Let’s hope the hospital agrees tomorrow when I am back for my pre-chemo blood test…

Breast cancer lesson number 95: It’s time to put yourself in the picture

You may find this hard to believe if you’ve not met me before, but I have never liked having my picture taken. I was the child plagued with ‘red eye’. Not tilting my head in a weird way every time I see a camera takes a huge amount of effort. And, a selfie was, up until I started this blog, something everyone else did. They say the cameras never lie. In my case, I’m not sure they’ve ever told the truth!

Lying in bed after having spent the evening running round the Chelsea Flower Show last night, however, I started to realise that maybe a life always behind the camera isn’t all it’s cracked up to be. I will never be a fan of the sea of phones that seem to accompany every single event nowadays. (I still wish people would spend more time enjoying the moment and the experience of being at an event and less time plotting their locations for Facebook and telling everyone else how much fun they’re having. They’d certainly have more fun if they put their phones down for a second.) But, I do believe a great photo is a powerful thing. It doesn’t just capture a moment, it captures the happiness and joy felt in that moment.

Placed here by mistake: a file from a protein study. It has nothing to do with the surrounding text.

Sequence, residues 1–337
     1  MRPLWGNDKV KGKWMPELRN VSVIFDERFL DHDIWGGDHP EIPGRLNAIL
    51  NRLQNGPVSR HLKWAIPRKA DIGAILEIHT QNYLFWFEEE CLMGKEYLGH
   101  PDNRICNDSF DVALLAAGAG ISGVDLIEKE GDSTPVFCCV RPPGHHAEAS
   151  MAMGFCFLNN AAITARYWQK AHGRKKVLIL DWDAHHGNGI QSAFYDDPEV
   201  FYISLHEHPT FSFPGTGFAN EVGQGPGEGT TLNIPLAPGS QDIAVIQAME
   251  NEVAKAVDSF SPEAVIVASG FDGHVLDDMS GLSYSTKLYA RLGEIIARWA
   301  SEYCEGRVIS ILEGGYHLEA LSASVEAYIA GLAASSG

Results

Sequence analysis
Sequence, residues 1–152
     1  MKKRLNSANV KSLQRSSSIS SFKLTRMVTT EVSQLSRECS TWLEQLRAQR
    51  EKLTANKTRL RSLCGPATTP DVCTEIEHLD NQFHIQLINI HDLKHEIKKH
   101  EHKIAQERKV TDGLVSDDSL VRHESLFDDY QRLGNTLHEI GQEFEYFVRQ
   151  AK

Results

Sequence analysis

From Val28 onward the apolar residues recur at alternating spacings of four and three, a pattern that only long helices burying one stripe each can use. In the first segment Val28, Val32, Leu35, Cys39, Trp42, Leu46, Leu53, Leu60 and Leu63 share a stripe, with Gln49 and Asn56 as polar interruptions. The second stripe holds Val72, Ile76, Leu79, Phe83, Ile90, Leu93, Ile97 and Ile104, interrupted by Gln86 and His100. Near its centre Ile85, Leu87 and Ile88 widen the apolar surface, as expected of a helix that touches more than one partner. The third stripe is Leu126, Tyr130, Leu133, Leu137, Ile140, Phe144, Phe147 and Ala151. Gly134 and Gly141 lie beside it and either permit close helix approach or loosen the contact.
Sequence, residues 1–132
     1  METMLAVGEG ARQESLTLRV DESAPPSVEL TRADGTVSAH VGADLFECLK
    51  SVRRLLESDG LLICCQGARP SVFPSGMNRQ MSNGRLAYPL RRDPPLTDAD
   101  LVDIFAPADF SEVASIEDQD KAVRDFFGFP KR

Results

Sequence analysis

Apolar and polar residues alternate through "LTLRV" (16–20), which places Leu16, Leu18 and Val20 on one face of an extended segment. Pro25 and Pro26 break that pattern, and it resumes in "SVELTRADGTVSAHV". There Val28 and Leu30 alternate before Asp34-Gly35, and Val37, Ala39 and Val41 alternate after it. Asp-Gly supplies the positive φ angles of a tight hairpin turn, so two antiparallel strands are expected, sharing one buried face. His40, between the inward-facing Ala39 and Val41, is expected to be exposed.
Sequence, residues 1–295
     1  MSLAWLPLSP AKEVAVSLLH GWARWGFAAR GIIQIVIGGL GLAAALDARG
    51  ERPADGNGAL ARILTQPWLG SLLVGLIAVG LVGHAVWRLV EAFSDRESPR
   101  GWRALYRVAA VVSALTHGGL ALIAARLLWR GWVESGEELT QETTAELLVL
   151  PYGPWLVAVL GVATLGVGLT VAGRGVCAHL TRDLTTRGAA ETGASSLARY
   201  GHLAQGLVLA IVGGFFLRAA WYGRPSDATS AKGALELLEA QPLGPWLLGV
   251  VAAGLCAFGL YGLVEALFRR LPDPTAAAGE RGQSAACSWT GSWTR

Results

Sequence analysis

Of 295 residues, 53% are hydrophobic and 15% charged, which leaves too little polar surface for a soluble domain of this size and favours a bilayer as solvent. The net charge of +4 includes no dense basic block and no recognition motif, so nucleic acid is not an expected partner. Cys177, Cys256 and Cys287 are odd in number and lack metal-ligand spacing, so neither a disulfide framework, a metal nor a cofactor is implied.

Looking back through my catalogue of show garden pictures this morning, there was something missing. I had photos of my favourite flowers, the wonderful potting shed artisan garden with its beautiful back story and some of the stunning details I spotted along the way. But there was no sign of Duncan and I enjoying ourselves. I will always remember that we did, but I don’t have a face smiling back at me confirming that fact.

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Not any more!

With a weekend of Bank Holiday adventures in front of me, starting with a day on the Orient Express, I am determined to change my perspective – and I encourage you to do the same!

Stand out from behind the camera and be part of the memory making. Time is precious and photos are the perfect way to remind us of that fact every day (especially when we’re in them). Some of us may be afraid of life in front of the lens. However, I think we should be more afraid of not having it pointed in our direction, even just once in while.

May you all enjoy your lovely long weekends – if you’re lucky enough to live in the right country to have one!

PS: I had my first photo bombing experience on Wednesday night at the wonderful ZSL safari gala dinner! Here’s me and my lovely colleague. I won’t forget that 🙂 

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Breast cancer lesson number 94: How to get more from active treatment